Here is a six-page exploration that will spark interest in the periodic table of elements. After reading a diagram-supported explanation of the periodic table's organization, pupils answer questions to familiarize themselves with it. To help them learn their way around, they play a bingo-style game in small groups. A caller in the group calls out a clue, and the rest of the group tries to identify the element on their bingo card. If groups have trouble staying focused, this could also be done as a class with you as the caller.
This webpage sports a clever Jeopardy-style review game for the periodic table of elements. There are five columns of questions, and five rows that range in value from five to twenty points. Beneath the question selection board is a link to the scoreboard and an option to edit the game. The site can also be visited by individuals to try their luck with the same questions by playing the SpeedMatch game.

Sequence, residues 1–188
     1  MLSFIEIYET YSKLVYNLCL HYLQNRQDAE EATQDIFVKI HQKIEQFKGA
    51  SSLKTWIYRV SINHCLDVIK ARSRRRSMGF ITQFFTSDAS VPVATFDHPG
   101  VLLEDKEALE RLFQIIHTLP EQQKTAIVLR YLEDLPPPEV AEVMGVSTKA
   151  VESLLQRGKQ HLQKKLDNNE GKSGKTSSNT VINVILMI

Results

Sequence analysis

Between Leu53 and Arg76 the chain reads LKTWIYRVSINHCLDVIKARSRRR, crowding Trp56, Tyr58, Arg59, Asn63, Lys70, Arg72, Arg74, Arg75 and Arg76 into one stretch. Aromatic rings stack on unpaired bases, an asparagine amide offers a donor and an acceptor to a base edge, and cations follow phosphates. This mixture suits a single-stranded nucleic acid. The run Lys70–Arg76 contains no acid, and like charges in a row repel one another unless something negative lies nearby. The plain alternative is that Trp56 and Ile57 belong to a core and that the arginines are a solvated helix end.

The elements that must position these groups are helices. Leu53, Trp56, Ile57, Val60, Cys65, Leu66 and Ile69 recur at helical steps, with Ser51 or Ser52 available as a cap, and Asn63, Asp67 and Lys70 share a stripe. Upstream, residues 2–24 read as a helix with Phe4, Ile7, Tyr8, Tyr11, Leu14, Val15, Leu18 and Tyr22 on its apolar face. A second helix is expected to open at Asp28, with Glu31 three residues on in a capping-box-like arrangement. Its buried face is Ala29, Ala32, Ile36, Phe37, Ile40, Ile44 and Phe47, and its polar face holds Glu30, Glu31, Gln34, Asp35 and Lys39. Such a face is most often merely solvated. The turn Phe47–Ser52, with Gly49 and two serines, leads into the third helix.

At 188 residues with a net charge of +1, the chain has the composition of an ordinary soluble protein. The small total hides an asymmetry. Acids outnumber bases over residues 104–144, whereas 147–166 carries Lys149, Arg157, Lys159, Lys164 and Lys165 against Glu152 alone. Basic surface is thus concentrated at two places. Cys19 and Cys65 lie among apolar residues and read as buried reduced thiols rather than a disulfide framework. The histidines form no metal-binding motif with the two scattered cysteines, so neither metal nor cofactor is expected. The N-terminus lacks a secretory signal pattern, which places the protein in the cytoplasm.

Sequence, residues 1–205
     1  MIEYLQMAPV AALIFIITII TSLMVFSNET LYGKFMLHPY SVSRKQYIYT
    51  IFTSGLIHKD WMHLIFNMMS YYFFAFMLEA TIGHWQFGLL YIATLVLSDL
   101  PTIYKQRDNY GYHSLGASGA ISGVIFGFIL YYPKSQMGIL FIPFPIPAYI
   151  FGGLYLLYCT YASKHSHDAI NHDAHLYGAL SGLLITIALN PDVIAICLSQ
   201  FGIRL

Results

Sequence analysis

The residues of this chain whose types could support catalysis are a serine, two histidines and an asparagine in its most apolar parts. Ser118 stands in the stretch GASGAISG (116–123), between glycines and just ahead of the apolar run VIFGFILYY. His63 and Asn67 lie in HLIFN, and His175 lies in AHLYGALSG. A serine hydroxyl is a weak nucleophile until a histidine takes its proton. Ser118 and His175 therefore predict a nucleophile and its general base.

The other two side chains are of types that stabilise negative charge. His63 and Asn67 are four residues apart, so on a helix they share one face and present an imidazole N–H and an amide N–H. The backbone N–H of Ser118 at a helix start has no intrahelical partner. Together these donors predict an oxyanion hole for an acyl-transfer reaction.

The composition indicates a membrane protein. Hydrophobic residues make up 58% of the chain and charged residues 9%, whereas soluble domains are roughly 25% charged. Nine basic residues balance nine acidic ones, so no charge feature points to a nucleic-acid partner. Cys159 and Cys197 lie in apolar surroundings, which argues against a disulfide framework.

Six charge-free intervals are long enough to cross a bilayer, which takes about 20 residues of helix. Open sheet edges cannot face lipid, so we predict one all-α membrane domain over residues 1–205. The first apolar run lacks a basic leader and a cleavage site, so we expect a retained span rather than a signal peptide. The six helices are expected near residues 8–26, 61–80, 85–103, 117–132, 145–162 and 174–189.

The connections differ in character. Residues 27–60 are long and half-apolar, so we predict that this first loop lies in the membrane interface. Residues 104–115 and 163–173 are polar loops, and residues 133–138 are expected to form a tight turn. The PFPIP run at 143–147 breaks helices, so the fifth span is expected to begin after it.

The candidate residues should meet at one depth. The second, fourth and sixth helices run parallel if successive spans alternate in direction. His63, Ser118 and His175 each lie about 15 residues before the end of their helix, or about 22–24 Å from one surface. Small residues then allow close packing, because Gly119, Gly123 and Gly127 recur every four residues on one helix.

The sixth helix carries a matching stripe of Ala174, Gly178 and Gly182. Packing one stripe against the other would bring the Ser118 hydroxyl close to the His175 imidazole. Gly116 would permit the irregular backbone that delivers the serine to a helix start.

Are you looking to put the fun back in the fundamentals of chemistry? Why not have groups create their own periodic tables of something (animals, food, music groups, etc.) practicing the organizational strategies used in the periodic table of the elements? Includes a rubric and instructions for each group, as well as basic information for the teacher.
Students examine the atomic structure of elements. In this chemistry lesson students organize elements of the periodic table according to their atomic mass, and compare their order within the periodic table.
Students explore the structure and function of the periodic table of elements. Though memorization drills and games, students working in pairs, identify the elements of the periodic table, their grouping, their properties and their possible uses.
Students analyze the arrangement of the periodic table and fill in missing data on a chart of their own.
Students examine the periodic table of elements. In this basic chemistry activity, students examine the origin of the Periodic Table and explore an interactive version that allows them to extract chemical information.
Students construct a periodic table based on the physical and chemical properties of elements. In this chemistry lesson, students share their work with the class and explain why they classified the elements that way.